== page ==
HUNTINGTON, W.Va. (WSAZ) -- When disaster strikes, they're the men and women who jump into action to save lives. But recently, it's been EMS workers who have become the target of attacks.
"EMS providers are being attacked, they're being assaulted," Cabell County EMS Director of Education Marsha Knight said. "We've had providers that have had broken bones. We've had providers that have needed stitches. You're just not sure what you're going to walk into anymore."
Cabell County EMS isn't alone as this issue has become a problem nation-wide. That's why this week, Cabell County EMS workers are learning self-defense tactics they can use while out on a call.
"The numbers are just staggering," DT4EMS Trainer Kip Teitsort said. "As a general rule, it's 52% of EMS providers have been injured due to violence on the job. Mostly it's punches, kicks, spit on, chokes. Everything from broken jaws, broken ribs, broken fingers, bites. This is what the average health care provider faces."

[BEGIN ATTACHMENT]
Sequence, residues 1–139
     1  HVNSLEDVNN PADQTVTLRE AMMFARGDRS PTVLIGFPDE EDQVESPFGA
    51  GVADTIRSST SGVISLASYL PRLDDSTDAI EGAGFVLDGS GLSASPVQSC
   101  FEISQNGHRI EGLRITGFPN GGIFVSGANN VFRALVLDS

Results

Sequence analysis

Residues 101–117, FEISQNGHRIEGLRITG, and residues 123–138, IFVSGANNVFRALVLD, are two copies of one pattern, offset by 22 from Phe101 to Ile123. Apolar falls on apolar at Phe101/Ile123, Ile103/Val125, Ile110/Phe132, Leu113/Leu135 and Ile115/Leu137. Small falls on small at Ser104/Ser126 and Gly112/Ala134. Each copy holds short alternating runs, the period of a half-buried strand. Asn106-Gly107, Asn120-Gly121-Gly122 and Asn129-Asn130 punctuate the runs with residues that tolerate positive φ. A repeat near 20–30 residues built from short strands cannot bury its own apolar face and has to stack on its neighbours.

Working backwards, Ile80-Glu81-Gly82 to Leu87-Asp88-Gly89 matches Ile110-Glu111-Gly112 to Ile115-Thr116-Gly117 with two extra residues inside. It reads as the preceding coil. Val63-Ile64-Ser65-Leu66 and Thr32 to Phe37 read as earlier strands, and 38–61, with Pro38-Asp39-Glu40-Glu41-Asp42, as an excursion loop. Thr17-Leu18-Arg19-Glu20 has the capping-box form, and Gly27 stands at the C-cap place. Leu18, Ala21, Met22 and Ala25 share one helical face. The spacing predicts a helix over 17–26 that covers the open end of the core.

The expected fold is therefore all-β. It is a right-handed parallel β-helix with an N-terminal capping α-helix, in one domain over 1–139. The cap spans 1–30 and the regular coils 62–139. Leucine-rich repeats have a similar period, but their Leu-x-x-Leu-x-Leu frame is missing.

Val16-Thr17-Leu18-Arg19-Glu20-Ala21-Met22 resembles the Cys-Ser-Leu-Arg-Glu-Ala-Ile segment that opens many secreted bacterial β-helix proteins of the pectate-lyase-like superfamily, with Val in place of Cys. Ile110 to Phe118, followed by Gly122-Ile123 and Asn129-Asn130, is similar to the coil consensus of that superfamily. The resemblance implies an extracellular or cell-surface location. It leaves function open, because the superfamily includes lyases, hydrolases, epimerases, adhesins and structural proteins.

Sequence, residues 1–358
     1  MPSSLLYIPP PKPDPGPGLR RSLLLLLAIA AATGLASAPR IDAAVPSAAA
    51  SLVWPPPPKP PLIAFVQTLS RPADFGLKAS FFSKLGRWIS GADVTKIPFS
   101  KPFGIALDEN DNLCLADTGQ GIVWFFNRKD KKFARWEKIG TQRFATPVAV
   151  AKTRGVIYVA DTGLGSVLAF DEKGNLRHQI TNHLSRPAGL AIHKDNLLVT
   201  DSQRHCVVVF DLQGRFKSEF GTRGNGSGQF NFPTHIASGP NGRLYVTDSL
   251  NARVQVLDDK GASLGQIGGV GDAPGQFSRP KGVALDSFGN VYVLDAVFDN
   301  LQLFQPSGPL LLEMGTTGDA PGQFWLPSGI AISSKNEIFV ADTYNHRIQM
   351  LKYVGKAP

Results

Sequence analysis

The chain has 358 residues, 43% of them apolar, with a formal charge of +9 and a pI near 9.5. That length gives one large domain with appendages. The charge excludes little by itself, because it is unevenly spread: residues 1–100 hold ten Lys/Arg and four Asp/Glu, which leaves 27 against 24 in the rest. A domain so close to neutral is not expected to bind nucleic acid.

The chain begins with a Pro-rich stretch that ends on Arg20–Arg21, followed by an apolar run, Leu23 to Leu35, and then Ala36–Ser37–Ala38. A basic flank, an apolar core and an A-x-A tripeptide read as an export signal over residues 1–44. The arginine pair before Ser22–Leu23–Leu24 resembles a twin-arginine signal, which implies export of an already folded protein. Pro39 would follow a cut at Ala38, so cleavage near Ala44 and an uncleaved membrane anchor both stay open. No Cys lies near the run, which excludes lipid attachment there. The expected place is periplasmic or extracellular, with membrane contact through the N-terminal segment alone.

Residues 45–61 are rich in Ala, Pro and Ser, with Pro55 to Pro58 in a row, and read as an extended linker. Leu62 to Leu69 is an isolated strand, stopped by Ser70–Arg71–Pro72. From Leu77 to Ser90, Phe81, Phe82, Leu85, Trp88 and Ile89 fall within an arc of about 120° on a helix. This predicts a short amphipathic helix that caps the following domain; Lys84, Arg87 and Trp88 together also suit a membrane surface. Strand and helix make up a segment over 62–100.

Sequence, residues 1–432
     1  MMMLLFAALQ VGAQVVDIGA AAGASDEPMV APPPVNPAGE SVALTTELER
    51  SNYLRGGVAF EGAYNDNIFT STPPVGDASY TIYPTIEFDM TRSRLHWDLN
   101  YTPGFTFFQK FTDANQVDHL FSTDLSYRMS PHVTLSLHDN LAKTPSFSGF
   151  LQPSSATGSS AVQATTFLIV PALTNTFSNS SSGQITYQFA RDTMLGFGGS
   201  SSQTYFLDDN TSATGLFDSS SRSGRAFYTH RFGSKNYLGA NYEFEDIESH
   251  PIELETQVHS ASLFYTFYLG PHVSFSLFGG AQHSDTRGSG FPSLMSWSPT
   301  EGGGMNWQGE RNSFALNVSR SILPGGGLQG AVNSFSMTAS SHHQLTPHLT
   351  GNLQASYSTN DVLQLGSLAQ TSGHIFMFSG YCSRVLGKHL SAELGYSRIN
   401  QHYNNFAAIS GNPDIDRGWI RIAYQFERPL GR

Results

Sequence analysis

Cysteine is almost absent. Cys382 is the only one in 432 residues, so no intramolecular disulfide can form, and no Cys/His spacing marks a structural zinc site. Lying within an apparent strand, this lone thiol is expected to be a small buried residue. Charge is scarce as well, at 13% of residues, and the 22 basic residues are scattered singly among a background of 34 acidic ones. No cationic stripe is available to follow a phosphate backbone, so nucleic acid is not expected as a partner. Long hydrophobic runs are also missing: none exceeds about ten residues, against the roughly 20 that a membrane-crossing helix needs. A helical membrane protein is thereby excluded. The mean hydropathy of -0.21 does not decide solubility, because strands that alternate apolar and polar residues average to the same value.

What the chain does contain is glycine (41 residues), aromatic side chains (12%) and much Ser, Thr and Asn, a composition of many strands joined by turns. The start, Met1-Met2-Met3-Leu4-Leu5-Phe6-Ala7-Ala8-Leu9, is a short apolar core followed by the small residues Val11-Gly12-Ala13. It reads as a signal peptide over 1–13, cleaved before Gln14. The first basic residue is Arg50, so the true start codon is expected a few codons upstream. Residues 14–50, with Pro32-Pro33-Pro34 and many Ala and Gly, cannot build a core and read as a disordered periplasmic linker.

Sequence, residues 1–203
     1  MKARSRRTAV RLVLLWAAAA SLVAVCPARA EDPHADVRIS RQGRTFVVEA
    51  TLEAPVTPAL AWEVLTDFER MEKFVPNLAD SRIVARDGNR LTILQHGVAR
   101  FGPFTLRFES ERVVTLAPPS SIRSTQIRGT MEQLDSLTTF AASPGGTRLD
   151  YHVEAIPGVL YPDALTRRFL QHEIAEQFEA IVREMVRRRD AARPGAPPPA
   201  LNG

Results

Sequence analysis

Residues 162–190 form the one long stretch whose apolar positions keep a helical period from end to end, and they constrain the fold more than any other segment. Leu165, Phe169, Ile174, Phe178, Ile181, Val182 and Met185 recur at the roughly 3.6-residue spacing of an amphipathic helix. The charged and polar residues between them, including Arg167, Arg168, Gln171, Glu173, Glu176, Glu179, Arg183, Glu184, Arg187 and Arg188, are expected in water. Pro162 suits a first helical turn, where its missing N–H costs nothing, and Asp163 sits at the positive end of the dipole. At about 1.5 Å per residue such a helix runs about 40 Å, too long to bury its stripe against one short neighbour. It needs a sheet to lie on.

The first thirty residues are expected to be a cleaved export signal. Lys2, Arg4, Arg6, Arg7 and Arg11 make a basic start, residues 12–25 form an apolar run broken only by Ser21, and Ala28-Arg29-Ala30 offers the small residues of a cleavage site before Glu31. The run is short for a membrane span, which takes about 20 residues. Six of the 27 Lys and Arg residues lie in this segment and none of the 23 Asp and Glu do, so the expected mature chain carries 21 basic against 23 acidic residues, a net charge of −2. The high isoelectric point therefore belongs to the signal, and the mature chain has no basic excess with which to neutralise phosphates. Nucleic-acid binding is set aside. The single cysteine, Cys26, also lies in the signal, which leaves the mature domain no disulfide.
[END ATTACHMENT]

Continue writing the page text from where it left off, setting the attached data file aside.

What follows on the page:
Teitsort teaches paramedics how to escape dangerous scenes by using self-defense tactics. He says that also includes using verbal skills to try to defuse tense situations.
"He's not teaching us anything about fighting," Knight said. "We're not here to fight. We're not trained to fight. We're here to help others. But should we find ourselves in a violent situation, we're working on escape moves and how to just get away and get to a safe zone."
Teitsort says there are 700,000 annual assaults on EMS providers across the country, leaving them pleading to the public.
"We're here to help you," Knight said. "That's our job. We're out there. We're trying to save lives. We're trying to help injured and sick people, and we don't want to be abused."